Dems slam EPA plan for fighting drinking water contaminants

Democratic lawmakers are accusing the Trump administration of dragging its feet on plans to protect Americans from a key class of drinking water contaminants.

Lawmakers say the Environmental Protection Agency (EPA) needs to commit to quickly setting a maximum allowable level in drinking water for per- and poly-fluoroalkyl (PFAS) substances, which have been linked to cancer and other health problems.

Acting EPA chief Andrew Wheeler rolled out an action plan for PFAS Thursday morning that includes cleaning up sources of contamination, helping local and state governments protect water sources and determining by the end of the year whether setting a maximum level for drinking water is appropriate.

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But for Democrats, the action is too little, too late.

“The PFAS Action Plan being trumpeted by EPA today is insufficiently protective, and it explains why Acting Administrator Andrew Wheeler would not commit to setting a drinking water standard for PFAS during his nomination hearing last month,” Sen. Tom CarperThomas (Tom) Richard CarperLawmakers grill manufacturers over 'forever chemicals' contamination EPA ordered to set stronger smog standards America is in desperate need of infrastructure investment: Senate highway bill a step in the right direction MORE (Del.), the top Democrat on the Environment and Public Works Committee, said in a statement.

“It has taken the EPA nearly a year just to kick the can even further down the road,” he said. “While EPA acts with the utmost urgency to repeal regulations, the agency ambles with complacency when it comes to taking real steps to protect the water we drink and the air we breathe.”

House Energy and Commerce Committee Chairman Frank Pallone (D-N.J.) and Paul TonkoPaul David TonkoDemocrats ramp up calls to investigate NOAA Schumer slams Ross for 'thuggish behavior' over reportedly threatening to fire officials Overnight Energy: Democrats call for Ross to resign over report he threatened NOAA officials | Commerce denies report | Documents detail plan to decentralize BLM | Lawmakers demand answers on bee-killing pesticide MORE (D-N.Y.), chairman of that panel’s environment subcommittee, said in a joint statement that they appreciated forward movement on the PFAS issue from the EPA, but found it disappointing.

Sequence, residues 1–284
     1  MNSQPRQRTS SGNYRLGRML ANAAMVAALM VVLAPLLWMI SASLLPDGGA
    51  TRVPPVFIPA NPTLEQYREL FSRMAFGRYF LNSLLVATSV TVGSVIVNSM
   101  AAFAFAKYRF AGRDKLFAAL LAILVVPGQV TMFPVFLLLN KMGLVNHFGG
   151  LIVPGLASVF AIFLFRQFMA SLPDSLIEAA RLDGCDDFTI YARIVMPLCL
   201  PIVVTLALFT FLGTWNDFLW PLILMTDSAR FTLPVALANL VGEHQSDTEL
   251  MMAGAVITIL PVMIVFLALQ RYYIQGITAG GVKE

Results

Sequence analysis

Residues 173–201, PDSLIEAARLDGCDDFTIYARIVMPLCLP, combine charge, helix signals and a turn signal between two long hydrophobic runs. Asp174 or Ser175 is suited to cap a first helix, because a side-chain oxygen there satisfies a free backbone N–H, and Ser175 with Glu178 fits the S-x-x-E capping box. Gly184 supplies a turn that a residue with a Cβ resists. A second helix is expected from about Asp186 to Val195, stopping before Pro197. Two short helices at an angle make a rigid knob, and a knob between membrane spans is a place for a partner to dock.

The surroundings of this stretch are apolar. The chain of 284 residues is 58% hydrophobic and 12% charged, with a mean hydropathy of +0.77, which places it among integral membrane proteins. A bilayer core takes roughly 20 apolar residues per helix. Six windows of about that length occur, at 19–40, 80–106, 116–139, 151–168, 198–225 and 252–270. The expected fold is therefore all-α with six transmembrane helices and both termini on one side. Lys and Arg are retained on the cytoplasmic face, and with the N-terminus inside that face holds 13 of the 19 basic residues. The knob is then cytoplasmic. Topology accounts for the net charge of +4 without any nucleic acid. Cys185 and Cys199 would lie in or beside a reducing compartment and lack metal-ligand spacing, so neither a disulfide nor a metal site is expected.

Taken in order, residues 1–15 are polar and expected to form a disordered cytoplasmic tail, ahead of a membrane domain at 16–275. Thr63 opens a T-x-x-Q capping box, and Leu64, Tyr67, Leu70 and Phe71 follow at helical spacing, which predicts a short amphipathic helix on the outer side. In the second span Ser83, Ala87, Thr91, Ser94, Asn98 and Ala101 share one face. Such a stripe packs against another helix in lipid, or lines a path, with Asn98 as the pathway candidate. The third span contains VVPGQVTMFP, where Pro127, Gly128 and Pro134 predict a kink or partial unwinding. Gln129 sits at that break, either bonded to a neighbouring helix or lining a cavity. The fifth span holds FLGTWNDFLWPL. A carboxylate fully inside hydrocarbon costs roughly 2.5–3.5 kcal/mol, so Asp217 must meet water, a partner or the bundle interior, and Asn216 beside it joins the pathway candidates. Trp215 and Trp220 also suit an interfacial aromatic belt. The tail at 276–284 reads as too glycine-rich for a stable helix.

“While we applaud aspects of this plan that respond to demands by members who have been pushing to address dangerous PFAS contamination in their districts, ultimately this plan fails to meet the challenge our nation faces with this growing water contamination and health crisis,” the chairmen said.

“If EPA intends to drag its feet, Congress will have to step in and lead the fight to protect Americans from these dangerous chemicals.”

PFAS contamination issues have arisen in many specific areas around the country where it was used in manufacturing, firefighting or other activities.

Democrats representing those areas find the EPA’s actions insufficient.